Private First Class Franklin Earl Sigler
(6 November 1924
– 20 January 1995
) was awarded the Medal of Honor
for his actions in the Iwo Jima campaign
— a one-man assault on a Japanese gun position which had been holding up the advance of his company for several days, and for annihilating the enemy gun crew with hand grenades
. Although painfully wounded during his attack, he directed the fire of his squad and personally carried three of his buddies who were wounded to safety behind the lines.
The nation's highest military decoration was presented to PFC Sigler during ceremonies at the White House.
President Harry S. Truman awarded the medal to him on Friday, 5 October 1945.
Franklin Earl Sigler was born in Montclair or Glen Ridge, New Jersey on 6 November 1924
. (Sources differ, but the towns are adjacent to one another.) The family later moved to Little Falls, New Jersey
, where he attended Little Falls High School
prior to his enlistment in the United States Marine Corps
on 23 March 1943
Completing his recruit training at Parris Island, South Carolina, Pvt Sigler was next transferred to the Guard Company, Marine Barracks, Navy Yard, Charleston, South Carolina in June 1943.
In April 1944, he joined Company F, 2nd Battalion, 26th Marines, 5th Marine Division, and in July, he embarked aboard the for Hilo, Hawaii. Later, he sailed for Iwo Jima. He was awarded the Medal of Honor for his gallant actions on 14 March 1945 during the Battle of Iwo Jima.
Private Sigler took command of his squad when his squad leader became a casualty and unhesitatingly lead them in a bold rush against an enemy gun position that had been holding up the advance of his company for several days.
Reaching the gun position first, he personally annihilated the gun crew with grenades. When more enemy troops began firing from tunnels and caves leading to the gun position, he, without consideration for his own safety, successfully scaled the rocks leading up to the position and single-handedly assaulted the Japanese, completely surprising them.
Although wounded, he refused to be evacuated, and crawling back to his squad, directed machine gun fire and rocket fire on the cave entrances. In the ensuing fight three of his men were wounded and Pvt Sigler, disregarding the pain from his wound and the heavy enemy fire, carried them to safety behind the lines. Returning to his squad he remained with his men directing their fire until ordered to retire and seek medical aid.
PFC Sigler was hospitalized at the U.S. Naval Hospital in Bethesda, Maryland. He was discharged from the Marine Corps at the rank of private first class in June 1946 due to disability resulting from his wounds.
Sigler died on 20 January 1995. He was buried with full military honors at Arlington National Cemetery. Franklin Sigler's brother, PFC William C. Sigler (1921-1943), USMC, who was killed in a traffic accident in New Zealand whilst on R & R during World War II, is also interred in Arlington National Cemetery. The two brother's headstones are only a few yards apart.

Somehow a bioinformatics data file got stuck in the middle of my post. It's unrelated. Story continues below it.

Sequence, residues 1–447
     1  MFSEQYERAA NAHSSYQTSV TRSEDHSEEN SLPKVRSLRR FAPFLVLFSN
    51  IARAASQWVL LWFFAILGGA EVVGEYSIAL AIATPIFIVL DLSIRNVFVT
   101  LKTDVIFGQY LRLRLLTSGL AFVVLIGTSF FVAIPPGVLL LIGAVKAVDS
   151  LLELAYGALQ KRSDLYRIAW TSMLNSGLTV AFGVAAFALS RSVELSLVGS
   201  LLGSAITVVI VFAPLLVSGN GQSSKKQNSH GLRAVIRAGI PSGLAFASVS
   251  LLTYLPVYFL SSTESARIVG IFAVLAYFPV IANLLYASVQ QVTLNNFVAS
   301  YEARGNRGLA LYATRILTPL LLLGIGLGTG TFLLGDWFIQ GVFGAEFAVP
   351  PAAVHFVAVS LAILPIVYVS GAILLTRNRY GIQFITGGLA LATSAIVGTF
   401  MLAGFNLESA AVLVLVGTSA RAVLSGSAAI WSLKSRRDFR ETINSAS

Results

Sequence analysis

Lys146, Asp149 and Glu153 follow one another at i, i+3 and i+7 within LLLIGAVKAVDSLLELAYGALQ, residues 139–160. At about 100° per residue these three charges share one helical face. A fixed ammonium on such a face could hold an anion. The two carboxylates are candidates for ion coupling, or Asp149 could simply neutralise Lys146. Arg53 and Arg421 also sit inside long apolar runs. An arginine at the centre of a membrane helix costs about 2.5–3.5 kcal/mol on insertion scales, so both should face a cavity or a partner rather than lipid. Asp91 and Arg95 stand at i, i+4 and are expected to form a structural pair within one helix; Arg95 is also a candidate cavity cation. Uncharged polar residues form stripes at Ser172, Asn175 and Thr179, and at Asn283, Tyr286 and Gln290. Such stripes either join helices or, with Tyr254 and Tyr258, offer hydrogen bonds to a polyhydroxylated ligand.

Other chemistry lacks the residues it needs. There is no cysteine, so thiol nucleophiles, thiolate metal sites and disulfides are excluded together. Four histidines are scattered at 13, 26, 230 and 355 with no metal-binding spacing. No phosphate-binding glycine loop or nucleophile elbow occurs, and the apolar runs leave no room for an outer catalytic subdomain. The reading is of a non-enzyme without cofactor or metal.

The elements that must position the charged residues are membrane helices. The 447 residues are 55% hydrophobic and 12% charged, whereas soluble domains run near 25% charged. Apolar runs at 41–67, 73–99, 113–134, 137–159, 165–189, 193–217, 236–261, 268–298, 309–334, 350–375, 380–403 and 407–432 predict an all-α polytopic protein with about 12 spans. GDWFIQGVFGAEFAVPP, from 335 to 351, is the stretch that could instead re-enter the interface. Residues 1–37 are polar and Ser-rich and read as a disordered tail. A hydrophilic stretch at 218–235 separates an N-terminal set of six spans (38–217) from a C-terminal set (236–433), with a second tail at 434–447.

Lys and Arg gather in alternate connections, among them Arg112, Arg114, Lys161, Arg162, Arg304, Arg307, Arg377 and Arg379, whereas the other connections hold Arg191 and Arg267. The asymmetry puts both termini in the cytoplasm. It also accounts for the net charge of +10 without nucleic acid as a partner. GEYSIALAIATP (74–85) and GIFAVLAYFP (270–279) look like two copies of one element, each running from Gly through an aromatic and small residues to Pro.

Awards and decorations
Medal of Honor citation
The President of the United States takes pleasure in presenting the MEDAL OF HONOR to
PRIVATE FRANKLIN E. SIGLER
UNITED STATES MARINE CORPS RESERVE
for service as set forth in the following CITATION:
- For conspicuous gallantry and intrepidity at the risk of his life above and beyond the call of duty while serving with the Second Battalion, Twenty-sixth Marines, Fifth Marine Division, in action against enemy Japanese forces during the seizure of Iwo Jima in the Volcano Islands on 14 March 1945. Voluntarily taking command of his rifle squad when the leader became a casualty, Private Sigler fearlessly led a bold charge against an enemy gun installation which had held up the advance of his company for several days and, reaching the position in advance of the others, assailed the emplacement with hand grenades and personally annihilated the entire crew. As additional Japanese troops opened fire from concealed tunnels and caves above, he quickly scaled the rocks leading to the attacking guns, surprised the enemy with a furious one-man assault and, although severely wounded in the encounter, deliberately crawled back to his squad position where he steadfastly refused evacuation, persistently directing heavy machine-gun and rocket barrages on the Japanese cave entrances. Undaunted by the merciless rain of hostile fire during the intensified action, he gallantly disregarded his own painful wounds to aid casualties, carrying three wounded squad members to safety behind the lines and returning to continue the battle with renewed determination until ordered to retire for medical treatment. Stouthearted and indomitable in the face of extreme peril, Private Sigler, by his alert initiative, unfaltering leadership and daring tactics in a critical situation, effected the release of his besieged company from enemy fire and contributed essentially to its further advance against a savagely fighting enemy. His superb valor, resolute fortitude and heroic spirit of self-sacrifice throughout reflect the highest credit upon Private Sigler and the United States Naval Service.